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Thompson v. Houma Terrebonne Housing

United States District Court, E.D. Louisiana

September 9, 2019

JOSEPH THOMPSON, JR.
v.
HOUMA TERREBONNE HOUSING, ET AL.

         SECTION "F"

          ORDER AND REASONS

          MARTIN L. C . FELDMAN UNITED STATES DISTRICT JUDGE

         Before the Court is the plaintiff's “response to judgment granting defendants' second motion to dismiss the plaintiff's amended complaint for failure to state a claim, ” which the Court construes as a motion to reconsider its June 19, 2019 Order and Reasons and accompanying Judgment granting the defendants' motion to dismiss. For the following reasons, the plaintiff's motion is DENIED.

         Background

          This is an employment discrimination case. Joseph Thompson, Jr., pro se, sued the Houma Terrebonne Housing Authority, Gene Burke, Larry Vauclin, and Barry Bonvillian, alleging:

I believe I was discriminated against because I have filed a previous complaint against the company Houma Terrebonne Housing Authority. I also believe I was discriminated against because of my race, black; in regards to the previous complaint I filed with HUD, Houma Courier, FBI, and etc. I have been denied the right to a [sic] education on my job, EPA underpayment.

         Before the expiration of his two-year employment contract, Mr. Thompson alleges that Houma Terrebonne Housing Authority Board of Commissioners fired him on February 8, 2018; three white board members voted to fire him: Chairman Barry Bonvillian, Gene Burke, and Larry Vauclin. In a Charge of Discrimination filed with the Equal Employment Opportunity Commission on July 13, 2018, Mr. Thompson checked boxes indicating that he had been subject to race discrimination and retaliation; he also wrote:

I. I began my employment with the above Respondent on April 6, 2017 most recently as an Executive Director. On February 8, 2018 I was discharged after a special meeting was called by Chairman Barry Bonvillian, Gene Burks and Larry Vauclin. The company employs over 200 persons.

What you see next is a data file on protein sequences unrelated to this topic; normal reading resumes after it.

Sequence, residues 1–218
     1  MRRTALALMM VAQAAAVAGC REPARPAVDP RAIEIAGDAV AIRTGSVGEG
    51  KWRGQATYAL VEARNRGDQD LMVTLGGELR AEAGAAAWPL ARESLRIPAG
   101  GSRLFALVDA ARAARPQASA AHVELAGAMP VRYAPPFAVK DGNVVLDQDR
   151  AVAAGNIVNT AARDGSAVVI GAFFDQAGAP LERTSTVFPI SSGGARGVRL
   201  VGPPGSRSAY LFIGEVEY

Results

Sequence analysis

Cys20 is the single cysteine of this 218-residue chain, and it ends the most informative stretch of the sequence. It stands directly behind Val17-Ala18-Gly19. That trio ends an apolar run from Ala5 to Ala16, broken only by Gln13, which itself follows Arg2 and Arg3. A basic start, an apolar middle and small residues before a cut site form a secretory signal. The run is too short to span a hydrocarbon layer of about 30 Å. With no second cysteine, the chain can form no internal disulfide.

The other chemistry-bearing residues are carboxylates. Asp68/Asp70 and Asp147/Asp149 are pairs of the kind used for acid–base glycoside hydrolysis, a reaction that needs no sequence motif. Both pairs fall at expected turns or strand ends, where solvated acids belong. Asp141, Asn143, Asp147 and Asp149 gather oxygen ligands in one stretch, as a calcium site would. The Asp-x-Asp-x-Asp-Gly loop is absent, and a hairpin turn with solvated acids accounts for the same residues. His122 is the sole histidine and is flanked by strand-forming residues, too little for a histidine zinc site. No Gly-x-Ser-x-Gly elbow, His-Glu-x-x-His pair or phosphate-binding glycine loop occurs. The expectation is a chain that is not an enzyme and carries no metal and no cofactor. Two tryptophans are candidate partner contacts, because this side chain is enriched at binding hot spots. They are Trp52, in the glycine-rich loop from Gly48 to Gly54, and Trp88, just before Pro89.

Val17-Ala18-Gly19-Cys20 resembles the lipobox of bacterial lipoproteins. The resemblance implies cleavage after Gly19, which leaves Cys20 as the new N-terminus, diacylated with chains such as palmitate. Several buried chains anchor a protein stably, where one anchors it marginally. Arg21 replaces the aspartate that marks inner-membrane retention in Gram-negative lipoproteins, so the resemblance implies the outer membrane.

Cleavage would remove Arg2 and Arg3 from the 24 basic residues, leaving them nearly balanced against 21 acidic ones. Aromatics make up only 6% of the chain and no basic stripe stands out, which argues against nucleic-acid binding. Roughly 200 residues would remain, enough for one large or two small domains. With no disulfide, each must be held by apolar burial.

II. On January 25, 2018, a special meeting was held to terminate my employment. I was hospitalized from January 20, 2018 until January 25, 2018. I had no previous write-ups or complaints against me. I believe Mr. Bonvillian retaliated against me for refusing to commit illegal acts involving contracts and parish property. Mr. Bonvillian would ask me to give contracts to his friends without it going up for public bid. I refused to do so. Mr. Bonvillian also requested that I sell scatter sites to his friends but again I refused. On another occasion, Mr. Bonvillian wanted me to go to lunch with a contractor. I refused once again. On February 8, 2018 Mr. Bonvillian breached my contract after he terminated my employment.
III. I believe I have been discriminated against based on my race (Black) and retaliated against in violation of Title VII of the Civil Rights Act of 1964 as amended.

         On July 30, 2018, the EEOC issued a right to sue letter. On October 9, 2018, proceeding pro se, Mr. Thompson filed this lawsuit and was granted permission to proceed in forma pauperis.[1] The defendants moved to dismiss Mr. Thompson's complaint for failure to state a claim. On February 6, 2019, the Court granted the motion to dismiss without prejudice, affording Mr. Thompson an opportunity to amend his complaint.

         After being granted two extensions, the plaintiff filed an amended complaint. In his amended complaint, Mr. Thompson restated the original complaint verbatim, included a list of witnesses that the plaintiff wished to call in support of his claims, stated that Bonvillian mistreated him along with other members of the “black community, ” and, finally, stated that he was wrongfully fired because of his race and because he refused to break the law. The defendants moved to dismiss the amended complaint. On June 19, 2019, the Court granted the defendants' motion to dismiss and two days later issued its judgment in favor of the defendants and against the plaintiff, dismissing his claims with prejudice. The plaintiff now moves to reconsider the order and judgment dismissing his lawsuit.

         I.

...


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